Someone told me, yesterday, and to paraphrase, that life had been very good; there was much to be thankful for; and that she was blessed. But there was still one little thing that lurked behind it all: one mistake. Apparently a big mistake. A huge mistake. A failing too great to ever be forgotten or even forgiven–if not by God, then by herself. I found myself thinking that even our mistakes, maybe exactly our mistakes, lead us on to other things. No life is without mistakes. Who’s to say whether any life would be better or worse if one were to live it from one end to the other without ever making one. I said, “we are all human, after all.” That’s the thing: we are all human. I seem to recall that saints made mistakes too because they too, after all, were human.
But the exchange soon had me remembering something I once read (I found it and I quote Teresita Fernández below): it isn’t the mistakes we make as much as how we go about living our lives after we come to think of something as a mistake. A failure. An imperfection. No words of mine can say it better. I believe the concept can easily be applied to a person as readily as to a bowl. We’ve all heard this message in many forms; I’ll call it another way to impart the message of the Velveteen Rabbit–it’s only after much living, much scar tissue has formed on the psyche, and many metaphorical buttons have come loose or fallen off that any of us become a person of substance: a person valued “precisely because of the exquisite nature of how (we) have been repaired.”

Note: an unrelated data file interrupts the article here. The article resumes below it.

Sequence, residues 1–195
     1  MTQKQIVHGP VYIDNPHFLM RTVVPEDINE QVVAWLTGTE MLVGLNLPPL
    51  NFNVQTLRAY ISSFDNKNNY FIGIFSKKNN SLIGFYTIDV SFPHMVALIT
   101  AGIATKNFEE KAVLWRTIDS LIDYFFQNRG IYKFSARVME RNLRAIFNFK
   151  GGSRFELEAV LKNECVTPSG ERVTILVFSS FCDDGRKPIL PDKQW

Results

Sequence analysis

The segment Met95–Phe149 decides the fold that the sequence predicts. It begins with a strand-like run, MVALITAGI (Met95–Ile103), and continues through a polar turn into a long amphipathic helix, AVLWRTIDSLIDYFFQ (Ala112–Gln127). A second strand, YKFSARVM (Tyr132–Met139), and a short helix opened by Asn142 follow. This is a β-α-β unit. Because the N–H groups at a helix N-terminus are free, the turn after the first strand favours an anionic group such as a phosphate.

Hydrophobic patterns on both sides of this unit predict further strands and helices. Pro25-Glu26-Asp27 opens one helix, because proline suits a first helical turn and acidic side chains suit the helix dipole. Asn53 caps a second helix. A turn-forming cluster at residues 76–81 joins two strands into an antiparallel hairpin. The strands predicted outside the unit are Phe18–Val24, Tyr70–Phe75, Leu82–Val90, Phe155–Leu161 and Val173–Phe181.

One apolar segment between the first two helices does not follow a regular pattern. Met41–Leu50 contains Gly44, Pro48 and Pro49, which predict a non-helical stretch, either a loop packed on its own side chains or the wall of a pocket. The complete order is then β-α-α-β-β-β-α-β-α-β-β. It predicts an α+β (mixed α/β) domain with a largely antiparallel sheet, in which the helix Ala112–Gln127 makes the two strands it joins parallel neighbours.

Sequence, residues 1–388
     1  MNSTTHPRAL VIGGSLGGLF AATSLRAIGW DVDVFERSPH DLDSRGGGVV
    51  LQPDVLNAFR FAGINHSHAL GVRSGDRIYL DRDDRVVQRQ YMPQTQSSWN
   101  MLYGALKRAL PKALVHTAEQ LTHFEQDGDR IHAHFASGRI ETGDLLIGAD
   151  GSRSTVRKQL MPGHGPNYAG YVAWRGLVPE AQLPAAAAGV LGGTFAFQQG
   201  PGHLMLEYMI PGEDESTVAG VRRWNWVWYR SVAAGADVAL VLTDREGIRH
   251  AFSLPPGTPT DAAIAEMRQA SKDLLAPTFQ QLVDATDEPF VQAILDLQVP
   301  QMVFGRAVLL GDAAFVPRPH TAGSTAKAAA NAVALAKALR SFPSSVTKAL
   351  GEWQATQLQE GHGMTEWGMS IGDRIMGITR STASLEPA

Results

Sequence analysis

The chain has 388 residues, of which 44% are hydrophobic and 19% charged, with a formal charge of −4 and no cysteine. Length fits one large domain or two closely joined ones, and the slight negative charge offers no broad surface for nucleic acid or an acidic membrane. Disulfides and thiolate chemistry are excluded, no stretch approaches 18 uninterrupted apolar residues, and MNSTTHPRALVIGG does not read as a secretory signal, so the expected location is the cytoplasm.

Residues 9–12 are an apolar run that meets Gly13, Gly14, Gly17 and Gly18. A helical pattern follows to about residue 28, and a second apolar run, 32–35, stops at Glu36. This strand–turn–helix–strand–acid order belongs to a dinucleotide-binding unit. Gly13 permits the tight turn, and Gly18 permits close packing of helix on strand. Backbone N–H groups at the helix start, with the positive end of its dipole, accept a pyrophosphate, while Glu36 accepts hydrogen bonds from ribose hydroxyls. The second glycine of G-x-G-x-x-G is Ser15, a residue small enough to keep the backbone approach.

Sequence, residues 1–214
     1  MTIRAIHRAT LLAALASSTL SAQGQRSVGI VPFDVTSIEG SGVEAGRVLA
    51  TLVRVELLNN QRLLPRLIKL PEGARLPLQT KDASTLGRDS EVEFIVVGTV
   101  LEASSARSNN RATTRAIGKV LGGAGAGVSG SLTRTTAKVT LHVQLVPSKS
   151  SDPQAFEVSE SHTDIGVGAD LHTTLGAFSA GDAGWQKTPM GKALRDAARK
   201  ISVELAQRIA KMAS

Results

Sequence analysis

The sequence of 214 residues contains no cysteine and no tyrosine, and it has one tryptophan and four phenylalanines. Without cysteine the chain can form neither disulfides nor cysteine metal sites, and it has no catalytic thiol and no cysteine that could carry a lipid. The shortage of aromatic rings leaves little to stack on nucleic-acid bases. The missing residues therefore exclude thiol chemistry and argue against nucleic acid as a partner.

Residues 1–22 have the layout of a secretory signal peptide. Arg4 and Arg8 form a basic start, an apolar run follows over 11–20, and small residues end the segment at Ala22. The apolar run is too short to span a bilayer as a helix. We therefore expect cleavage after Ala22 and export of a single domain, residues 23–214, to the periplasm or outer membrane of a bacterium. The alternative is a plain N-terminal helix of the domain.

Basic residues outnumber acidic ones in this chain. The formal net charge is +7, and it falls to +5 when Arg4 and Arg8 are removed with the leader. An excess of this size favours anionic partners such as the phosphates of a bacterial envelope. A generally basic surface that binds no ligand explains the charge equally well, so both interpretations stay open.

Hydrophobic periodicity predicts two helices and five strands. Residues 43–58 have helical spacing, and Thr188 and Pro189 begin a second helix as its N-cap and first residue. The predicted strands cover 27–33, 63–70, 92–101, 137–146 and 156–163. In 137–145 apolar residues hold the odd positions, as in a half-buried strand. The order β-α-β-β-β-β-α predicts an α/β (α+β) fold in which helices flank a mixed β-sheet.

To quote Teresita Fernández:
“In Japan there is a kind of reverence for the art of mending. In the context of the tea ceremony there is no such thing as failure or success in the way we are accustomed to using those words. A broken bowl would be valued precisely because of the exquisite nature of how it was repaired, a distinctly Japanese tradition of kintsugi, meaning to “to patch with gold”. Often, we try to repair broken things in such a way as to conceal the repair and make it “good as new.” But the tea masters understood that by repairing the broken bowl with the distinct beauty of radiant gold, they could create an alternative to “good as new” and instead employ a “better than new” aesthetic. They understood that a conspicuous, artful repair actually adds value. Because after mending, the bowl’s unique fault lines were transformed into little rivers of gold that post repair were even more special because the bowl could then resemble nothing but itself. Here lies that radical physical transformation from useless to priceless, from failure to success. All of the fumbling and awkward moments you will go through, all of the failed attempts, all of the near misses, all of the spontaneous curiosity will eventually start to steer you in exactly the right direction.”
M L S Baisch
Photo: Teresita Fernández, Artist whose work is characterized by an interest in perception and the psychology of looking.